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Marry bail condition variation hearing set for Wednesday

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By Mary Taruvinga

HIGH Court judge, Pisirai Kwenda has postponed the case in which the state is demanding amendments to bail conditions prescribed on Vice President Constantino Chiwenga’s estranged wife, Marry early this month.

The case was set to be heard Tuesday but it was postponed after Marry’s lawyer, Beatrice Mtetwa made a request to file a written response to the state’s application.

The State wants Marry to surrender into court custody as part of her bail conditions all her three valid Zimbabwean passports reportedly issued to her and to reside at a location different from her matrimonial Borrowdale home she shared with her husband.

“The case was brought before High Court judge Pisirai Kwenda today (Tuesday) but it was postponed to tomorrow (Wednesday) because we want to file a written response,” Mtetwa told NewZimbabwe.com.

Marry was granted $50 000 bail by the same judge on January 6 this year after spending Christmas and New Year holidays in remand prison.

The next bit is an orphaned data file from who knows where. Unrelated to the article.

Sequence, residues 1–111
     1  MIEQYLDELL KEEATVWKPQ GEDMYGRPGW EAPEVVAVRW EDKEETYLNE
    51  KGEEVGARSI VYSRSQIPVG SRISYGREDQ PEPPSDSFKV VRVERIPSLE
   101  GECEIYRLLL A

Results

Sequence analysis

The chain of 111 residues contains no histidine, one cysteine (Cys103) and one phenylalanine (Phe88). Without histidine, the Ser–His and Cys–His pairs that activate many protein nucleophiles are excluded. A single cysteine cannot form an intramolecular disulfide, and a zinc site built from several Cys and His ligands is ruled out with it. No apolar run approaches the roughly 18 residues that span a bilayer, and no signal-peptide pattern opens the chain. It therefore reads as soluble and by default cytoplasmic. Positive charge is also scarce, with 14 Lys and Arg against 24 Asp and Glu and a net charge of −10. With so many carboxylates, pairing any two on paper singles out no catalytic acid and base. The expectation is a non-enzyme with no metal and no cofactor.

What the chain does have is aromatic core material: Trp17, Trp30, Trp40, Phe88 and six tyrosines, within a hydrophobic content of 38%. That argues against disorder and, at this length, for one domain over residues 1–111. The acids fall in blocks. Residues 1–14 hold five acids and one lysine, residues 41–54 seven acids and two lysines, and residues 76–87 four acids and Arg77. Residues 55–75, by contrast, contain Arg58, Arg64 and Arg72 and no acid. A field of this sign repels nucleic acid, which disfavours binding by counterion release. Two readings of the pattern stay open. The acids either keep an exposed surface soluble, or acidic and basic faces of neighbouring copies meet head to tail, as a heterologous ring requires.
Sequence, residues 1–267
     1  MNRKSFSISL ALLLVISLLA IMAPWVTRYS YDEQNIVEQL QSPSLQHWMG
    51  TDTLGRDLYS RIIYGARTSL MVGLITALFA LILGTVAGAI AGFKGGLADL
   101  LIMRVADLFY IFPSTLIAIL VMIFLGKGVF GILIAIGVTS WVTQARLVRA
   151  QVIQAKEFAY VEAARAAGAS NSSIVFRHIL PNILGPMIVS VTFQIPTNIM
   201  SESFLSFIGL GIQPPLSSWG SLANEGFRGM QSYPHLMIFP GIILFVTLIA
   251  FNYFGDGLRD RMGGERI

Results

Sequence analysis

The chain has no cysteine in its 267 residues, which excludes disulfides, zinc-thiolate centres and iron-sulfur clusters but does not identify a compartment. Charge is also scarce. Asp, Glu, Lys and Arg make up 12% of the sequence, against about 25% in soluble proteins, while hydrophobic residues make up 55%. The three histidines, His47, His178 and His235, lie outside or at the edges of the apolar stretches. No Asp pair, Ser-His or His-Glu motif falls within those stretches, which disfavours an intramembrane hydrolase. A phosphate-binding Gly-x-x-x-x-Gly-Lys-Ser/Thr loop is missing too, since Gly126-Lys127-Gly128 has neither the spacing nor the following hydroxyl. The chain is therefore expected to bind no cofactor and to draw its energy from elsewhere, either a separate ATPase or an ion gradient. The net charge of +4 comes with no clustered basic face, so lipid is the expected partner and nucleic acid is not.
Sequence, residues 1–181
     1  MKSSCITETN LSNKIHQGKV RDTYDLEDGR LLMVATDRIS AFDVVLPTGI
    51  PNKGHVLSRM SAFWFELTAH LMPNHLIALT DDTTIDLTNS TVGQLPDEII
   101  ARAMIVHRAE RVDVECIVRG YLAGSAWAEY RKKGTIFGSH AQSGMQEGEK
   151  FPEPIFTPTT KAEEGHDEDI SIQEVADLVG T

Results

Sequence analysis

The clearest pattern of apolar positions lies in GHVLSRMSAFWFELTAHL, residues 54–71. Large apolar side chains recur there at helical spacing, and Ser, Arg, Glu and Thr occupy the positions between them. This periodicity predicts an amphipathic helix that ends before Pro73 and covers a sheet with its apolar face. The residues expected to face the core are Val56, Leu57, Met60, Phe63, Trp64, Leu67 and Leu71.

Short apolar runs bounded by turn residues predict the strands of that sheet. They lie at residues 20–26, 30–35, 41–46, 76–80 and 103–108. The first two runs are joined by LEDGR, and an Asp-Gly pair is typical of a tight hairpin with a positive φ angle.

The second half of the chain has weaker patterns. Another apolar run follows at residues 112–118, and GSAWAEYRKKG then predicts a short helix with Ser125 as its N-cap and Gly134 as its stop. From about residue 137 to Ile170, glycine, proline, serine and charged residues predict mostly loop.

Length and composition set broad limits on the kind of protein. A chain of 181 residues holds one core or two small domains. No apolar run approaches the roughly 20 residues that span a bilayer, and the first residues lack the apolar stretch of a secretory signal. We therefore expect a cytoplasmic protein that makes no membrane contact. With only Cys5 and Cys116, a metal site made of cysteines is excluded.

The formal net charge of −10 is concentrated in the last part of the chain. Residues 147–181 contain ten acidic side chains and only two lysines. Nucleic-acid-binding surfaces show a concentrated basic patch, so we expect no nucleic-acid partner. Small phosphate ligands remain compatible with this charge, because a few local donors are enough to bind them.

She was arrested on December 14 and stands accused of attempted murder on her ailing VP husband, money laundering, fraud and externalisation charges.

As part of her bail conditions, Marry was also ordered to surrender title deeds to a Highlands home offered by her father Keni Mubaiwa as surety.

Marry was also ordered to surrender her diplomatic passport, report to the police once a fortnight on Fridays, not to interfere with witnesses and to reside at the same given address which is her matrimonial home, Number 614 Nick Price Drive, Borrowdale.

The state argues that Chiwenga resides at the same address so there will be risk of interference if Marry goes back to the same house.

Marry also surrendered one diplomatic passport as a bail condition set by the High Court.

But the state has been informed there is a second diplomatic passport, expiring on December 11 this year, and an ordinary passport expiring on February 21, 2022.

The prosecution wants all three passports in the custody of the court until the trial is over.

Through his lawyers, Manase & Manase Legal Practitioners, Chiwenga argued that the prosecution was not aware of the issue when bail was argued.